The only Democrat to win the Alabama governor’s office since George C. Wallace’s was Don Siegelman in 1998.

Siegelman’s run for re-election in 2002 was the last competitive race. Democrats, however, are extremely enthusiastic this year about their chances because of Doug Jones’ defeat of Roy Moore for Senate on December 12 what they hope is a backlash against Donald Trump nationally as well as a feeling that Montgomery has only become more corrupt under Republican control.

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Elections

Rusty Jessup campaigns for House District 30

Brandon Moseley

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File Photo

Rusty Jessup spoke to the St. Clair County Republican Party on Thursday about his candidacy for Alabama House of Representatives House District 30.

Jessup said that about half of St. Clair County is in District 30, but, based on population, 55 percent of the people the district live in Etowah County.

“When I first beame Mayor of Riverside there were a lot of things I did not like,” Jessup said. “I did not like the police department so I ran for office.”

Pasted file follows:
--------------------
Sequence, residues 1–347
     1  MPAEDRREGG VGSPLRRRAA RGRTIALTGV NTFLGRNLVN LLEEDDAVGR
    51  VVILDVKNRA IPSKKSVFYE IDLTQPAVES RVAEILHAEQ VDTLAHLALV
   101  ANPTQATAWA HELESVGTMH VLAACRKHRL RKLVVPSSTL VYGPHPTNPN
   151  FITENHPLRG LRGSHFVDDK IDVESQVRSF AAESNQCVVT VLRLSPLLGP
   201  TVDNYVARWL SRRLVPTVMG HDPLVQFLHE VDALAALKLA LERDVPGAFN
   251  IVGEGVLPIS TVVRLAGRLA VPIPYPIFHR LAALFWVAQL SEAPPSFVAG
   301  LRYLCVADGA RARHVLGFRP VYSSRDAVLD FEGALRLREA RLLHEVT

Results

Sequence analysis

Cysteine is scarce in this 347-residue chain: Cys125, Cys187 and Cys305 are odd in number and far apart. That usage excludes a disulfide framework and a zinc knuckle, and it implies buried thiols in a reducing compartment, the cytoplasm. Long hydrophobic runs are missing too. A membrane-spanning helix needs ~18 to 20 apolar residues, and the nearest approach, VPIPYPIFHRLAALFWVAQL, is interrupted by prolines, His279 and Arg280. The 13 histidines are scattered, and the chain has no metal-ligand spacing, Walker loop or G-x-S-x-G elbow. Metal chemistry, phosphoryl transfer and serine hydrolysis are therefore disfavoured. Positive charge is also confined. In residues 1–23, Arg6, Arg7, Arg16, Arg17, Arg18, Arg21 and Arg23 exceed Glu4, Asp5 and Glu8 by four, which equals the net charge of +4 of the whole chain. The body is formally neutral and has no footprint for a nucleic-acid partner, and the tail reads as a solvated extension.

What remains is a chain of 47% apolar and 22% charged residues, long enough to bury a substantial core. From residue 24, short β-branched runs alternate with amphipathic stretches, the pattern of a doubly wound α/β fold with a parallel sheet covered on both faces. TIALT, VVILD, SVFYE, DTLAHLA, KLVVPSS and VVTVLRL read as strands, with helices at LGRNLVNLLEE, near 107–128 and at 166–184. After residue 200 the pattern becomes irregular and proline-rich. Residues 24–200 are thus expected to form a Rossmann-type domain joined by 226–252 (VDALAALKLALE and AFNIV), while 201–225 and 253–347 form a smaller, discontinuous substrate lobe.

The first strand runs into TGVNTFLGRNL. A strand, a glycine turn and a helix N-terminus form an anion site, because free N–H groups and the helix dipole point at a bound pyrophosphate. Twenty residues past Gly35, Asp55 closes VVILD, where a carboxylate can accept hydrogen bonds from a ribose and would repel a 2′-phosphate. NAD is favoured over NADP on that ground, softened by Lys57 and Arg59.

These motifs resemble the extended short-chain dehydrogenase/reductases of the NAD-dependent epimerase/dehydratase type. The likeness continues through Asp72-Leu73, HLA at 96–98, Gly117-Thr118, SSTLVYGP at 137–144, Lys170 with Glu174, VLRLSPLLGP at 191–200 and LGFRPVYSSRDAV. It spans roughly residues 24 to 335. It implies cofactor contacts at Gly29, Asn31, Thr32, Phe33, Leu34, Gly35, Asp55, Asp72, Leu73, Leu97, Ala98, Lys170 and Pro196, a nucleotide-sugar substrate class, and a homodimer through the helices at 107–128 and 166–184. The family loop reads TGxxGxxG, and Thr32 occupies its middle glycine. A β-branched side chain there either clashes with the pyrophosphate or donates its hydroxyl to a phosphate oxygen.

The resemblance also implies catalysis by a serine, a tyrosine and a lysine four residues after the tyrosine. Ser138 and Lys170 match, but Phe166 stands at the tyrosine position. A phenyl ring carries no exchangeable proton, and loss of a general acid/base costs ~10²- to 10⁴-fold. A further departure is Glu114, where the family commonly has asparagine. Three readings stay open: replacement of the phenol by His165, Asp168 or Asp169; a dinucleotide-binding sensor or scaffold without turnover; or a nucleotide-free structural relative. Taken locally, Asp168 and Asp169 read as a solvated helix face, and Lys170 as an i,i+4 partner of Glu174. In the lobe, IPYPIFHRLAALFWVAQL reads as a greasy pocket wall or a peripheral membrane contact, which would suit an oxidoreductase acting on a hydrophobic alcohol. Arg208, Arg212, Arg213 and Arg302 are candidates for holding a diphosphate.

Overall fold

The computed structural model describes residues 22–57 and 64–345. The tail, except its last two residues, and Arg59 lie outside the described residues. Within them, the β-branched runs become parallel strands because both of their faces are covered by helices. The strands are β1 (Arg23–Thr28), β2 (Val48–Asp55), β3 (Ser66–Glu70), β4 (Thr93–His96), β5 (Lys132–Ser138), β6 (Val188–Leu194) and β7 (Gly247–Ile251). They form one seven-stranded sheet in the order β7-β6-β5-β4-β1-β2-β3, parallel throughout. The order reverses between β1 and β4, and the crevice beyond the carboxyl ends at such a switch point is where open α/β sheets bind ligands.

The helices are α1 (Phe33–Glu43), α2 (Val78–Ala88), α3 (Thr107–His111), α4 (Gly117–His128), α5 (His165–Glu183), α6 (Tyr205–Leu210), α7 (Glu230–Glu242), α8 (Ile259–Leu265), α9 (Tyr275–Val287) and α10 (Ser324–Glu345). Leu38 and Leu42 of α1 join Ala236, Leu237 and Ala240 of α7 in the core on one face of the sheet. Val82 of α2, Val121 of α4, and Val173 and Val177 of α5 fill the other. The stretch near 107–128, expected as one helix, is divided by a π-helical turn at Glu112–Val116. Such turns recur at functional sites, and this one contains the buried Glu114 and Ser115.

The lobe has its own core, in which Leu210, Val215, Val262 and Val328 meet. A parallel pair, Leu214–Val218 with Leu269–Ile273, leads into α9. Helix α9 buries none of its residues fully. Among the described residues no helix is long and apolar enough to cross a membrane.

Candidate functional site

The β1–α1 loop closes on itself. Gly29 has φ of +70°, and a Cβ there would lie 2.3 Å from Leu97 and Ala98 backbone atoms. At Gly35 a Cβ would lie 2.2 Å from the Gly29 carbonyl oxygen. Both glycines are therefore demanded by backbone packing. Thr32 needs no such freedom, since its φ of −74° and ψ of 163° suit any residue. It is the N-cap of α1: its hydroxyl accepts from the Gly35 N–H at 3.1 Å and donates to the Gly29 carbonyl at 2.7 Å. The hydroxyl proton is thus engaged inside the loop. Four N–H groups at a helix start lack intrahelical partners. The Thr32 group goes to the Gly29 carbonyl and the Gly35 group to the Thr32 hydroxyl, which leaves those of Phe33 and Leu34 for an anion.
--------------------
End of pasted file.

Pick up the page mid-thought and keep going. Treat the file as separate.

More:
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“Thirty five percent of the House are not running again,” Jessup said. “It very easily could be a 50 percent turn over in this election.”

St. Clair County will have, “A good solid delegation down there if we can pull this off” Jessup said of his bid.

“I am a team player,” Jessup said. “I am one of these old fashioned guys that believe to be successful you have to lift up others around you.”

Jessup is running for the seat currently held by Rep. Mack Butler, R-Rainbow City. Butler is running for State Senate in District 12 where incumbent Sen. Phil Williams, R-Rainbow City, is not running again.

Mayor Rusty describes himself on his Facebook page as “a common sense conservative.” He is in his fourth term as the mayor of Riverside, “And seeks to bring a voice of reason and cooperation to the Alabama State Legislature.”

He graduated from Shades Valley High School and has a Bachelors of Science degree from Jacksonville State University.

Jessup is the Chairman of the St.Clair County Mayors Association, an Executive Committee member of Alabama League of Municipalities, and a Board Member of the St. Clair County Healthcare Authority.

Jessup faces stiff primary competition from former Ashville Mayor Robert McKay, architect B. Craig Lipscomb, and Ryan Preston.

The Republican Party Primary will be on June 5.

The winner of the Republican primary will face Democrat Jared Vaughn on November 5 in the general election.

The next meeting of the St. Clair County Republican Party will be at 11:45 a.m. at the City Market Grill in Pell City on May 24.

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Court grants Tom Parker injunction in his case vs the JIC

by Brandon Moseley Read Time: 4 min